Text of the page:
North-Central Section - 42nd Annual Meeting (24–25 April 2008)

Paper No. 12
Presentation Time: 8:00 AM-12:00 PM


HENNESSY, Matthew L., Department of Earth Sciences, Indiana University Purdue University of Indianapolis, 723 W. Michigan Ave, Indianapolis, IN 46202, KRAMER, Kate, Earth Science & Geology, McHenry County College, 8900 US Hwy 14, Crystal Lake, IL 60012 and LICHT, Kathy, Geology Department, Indiana University- Purdue University Indianapolis, 723 West Michigan Street, SL 118, Indianapolis, IN 46202,

In January 2007, samples of till from 6 different moraines along the Reedy Glacier, East Antarctica were collected with the goal of differentiating between these samples of till and previously collected samples from the base of three West Antarctic ice streams through powder x-ray diffraction. The purpose of this study is to identify mineral phases in the < 2mm fraction in both the moraines and the material from the base of the ice streams. Understanding the differences in mineralogy of these samples will serve two purposes: (1) assess this method compared to sand petrography and (2) constrain ice flow models during the Last Glacial Maximum (LGM) into the Ross Sea. The samples were analyzed at INSTAAR, at the University of Colorado, Boulder; with a Siemens D5000 X-Ray Diffractometer (XRD). The < 2mm fraction was crushed using a McCrone Mill and the samples were back mounted on slides. The samples were analyzed by XRD at angles from 5-65° 2θ with a step size of .02° 2θ. As a result, 3002 intensity values from each sample were obtained and modeled using RockJock to determine which minerals are present.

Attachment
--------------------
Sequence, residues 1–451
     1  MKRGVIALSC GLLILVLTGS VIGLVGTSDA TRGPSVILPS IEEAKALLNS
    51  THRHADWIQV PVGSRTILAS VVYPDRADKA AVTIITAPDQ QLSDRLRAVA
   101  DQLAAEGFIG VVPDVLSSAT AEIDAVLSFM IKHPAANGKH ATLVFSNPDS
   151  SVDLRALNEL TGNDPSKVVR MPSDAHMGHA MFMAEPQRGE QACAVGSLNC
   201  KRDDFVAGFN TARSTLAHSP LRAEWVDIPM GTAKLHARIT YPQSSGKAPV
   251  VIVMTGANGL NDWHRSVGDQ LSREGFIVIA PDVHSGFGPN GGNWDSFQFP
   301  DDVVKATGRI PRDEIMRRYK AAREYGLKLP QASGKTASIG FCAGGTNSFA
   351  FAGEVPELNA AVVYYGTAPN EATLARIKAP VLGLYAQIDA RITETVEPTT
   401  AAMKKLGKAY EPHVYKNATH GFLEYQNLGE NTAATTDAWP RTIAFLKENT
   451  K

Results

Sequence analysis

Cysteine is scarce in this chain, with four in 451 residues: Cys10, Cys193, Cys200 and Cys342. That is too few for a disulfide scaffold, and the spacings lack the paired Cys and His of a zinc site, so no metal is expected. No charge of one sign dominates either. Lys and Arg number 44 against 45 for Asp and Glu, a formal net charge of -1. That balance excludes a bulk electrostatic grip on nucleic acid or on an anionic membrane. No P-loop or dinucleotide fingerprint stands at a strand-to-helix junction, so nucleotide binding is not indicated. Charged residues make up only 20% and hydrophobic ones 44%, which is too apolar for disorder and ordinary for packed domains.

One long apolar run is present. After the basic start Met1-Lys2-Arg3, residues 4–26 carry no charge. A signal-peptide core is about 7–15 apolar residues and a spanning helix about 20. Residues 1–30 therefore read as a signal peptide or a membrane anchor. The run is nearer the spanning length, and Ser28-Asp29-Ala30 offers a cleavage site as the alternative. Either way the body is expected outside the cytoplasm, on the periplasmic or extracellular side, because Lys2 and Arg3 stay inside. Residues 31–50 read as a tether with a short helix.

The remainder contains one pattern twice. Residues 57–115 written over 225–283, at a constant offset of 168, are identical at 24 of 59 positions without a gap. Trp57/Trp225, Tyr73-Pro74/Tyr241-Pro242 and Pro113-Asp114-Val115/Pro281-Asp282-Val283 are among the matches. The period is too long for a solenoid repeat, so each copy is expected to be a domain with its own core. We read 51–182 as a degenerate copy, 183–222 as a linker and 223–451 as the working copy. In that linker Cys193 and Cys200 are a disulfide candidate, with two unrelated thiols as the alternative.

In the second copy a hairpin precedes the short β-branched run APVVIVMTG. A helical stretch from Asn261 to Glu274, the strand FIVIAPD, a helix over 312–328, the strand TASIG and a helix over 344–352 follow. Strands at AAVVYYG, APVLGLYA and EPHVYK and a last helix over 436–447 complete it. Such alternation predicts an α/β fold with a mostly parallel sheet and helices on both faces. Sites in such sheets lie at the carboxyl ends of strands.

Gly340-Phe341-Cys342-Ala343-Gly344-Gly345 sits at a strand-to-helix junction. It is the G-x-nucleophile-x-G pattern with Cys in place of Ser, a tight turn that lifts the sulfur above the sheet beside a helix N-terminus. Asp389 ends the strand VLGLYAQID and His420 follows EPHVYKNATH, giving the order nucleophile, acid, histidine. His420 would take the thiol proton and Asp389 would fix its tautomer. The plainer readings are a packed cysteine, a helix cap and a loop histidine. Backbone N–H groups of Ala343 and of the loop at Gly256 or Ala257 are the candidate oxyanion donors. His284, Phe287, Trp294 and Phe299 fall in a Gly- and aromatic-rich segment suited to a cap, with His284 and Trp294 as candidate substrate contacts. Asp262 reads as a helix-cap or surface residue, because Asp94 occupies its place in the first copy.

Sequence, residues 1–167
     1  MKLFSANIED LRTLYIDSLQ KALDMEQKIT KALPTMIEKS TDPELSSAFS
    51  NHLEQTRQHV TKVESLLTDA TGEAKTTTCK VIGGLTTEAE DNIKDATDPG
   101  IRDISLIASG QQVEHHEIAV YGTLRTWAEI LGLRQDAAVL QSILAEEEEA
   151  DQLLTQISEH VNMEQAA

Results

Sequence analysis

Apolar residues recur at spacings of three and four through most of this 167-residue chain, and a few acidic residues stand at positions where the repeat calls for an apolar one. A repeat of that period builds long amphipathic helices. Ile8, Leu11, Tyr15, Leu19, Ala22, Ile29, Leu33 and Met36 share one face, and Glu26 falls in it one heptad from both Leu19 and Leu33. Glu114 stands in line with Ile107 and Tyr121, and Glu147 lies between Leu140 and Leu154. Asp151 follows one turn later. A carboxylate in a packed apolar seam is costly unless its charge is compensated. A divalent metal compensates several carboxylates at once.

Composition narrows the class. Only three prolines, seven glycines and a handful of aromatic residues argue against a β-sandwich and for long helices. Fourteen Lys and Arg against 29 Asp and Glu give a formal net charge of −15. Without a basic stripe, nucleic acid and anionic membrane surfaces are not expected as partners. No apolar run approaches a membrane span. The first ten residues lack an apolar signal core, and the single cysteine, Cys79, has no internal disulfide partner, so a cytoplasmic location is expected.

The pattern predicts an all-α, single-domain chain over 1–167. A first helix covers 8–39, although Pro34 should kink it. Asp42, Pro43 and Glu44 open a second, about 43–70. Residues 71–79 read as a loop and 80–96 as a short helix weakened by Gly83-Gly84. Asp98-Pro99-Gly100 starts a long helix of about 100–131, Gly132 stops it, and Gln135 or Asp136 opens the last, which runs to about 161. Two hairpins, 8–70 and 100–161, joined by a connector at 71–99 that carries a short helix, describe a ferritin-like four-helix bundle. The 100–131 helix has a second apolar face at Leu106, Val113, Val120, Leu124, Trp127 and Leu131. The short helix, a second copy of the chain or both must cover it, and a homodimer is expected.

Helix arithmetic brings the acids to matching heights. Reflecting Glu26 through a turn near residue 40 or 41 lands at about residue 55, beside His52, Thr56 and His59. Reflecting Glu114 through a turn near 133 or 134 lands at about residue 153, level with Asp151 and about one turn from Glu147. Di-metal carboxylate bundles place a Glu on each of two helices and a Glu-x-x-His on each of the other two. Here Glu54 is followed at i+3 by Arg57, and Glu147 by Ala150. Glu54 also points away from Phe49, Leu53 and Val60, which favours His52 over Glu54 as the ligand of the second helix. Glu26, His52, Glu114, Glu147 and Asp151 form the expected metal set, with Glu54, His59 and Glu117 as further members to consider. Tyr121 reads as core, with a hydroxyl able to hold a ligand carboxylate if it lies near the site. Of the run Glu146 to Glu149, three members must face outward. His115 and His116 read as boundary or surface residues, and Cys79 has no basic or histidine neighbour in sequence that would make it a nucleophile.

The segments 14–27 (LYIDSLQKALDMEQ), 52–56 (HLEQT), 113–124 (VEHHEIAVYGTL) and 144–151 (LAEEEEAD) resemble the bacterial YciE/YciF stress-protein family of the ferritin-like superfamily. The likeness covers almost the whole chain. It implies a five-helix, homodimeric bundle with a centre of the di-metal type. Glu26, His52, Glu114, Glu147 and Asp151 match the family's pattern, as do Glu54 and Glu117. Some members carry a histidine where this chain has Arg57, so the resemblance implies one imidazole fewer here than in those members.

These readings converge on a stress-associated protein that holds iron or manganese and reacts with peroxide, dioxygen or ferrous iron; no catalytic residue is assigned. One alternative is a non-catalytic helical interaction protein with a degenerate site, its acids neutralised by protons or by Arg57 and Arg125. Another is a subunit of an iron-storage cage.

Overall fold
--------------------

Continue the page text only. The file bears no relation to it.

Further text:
One sample from each of six moraines along Reedy Glacier was analyzed, with the addition of 3 sub-site samples from Strickland Nunatak, located at the head of the glacier. An additional 11 samples from ice stream cores were analyzed. These sample locations were chosen to investigate the variability between the Reedy Glacier, draining the East Antarctic Ice Sheet, and ice stream samples from West Antarctica, whilst providing constraints for ice stream positions in the Ross Embayment during the LGM.

Many similarities were found when comparing the < 2mm fraction with existing coarse sand petrology data. For example, the Strickland Nunatak samples were classified as quartzite using sand petrology. RockJock found abundant quartz, ranging from 42.3% to 53.5%, but also provided greater detail with respect to other minerals. For example, RockJock identified multiple feldspars (oligoclase, andesine, and albite), which were missed in the sand fraction and identified kaolin minerals. Further analyses will reveal whether consistent differences can be identified between these East and West Antarctic tills.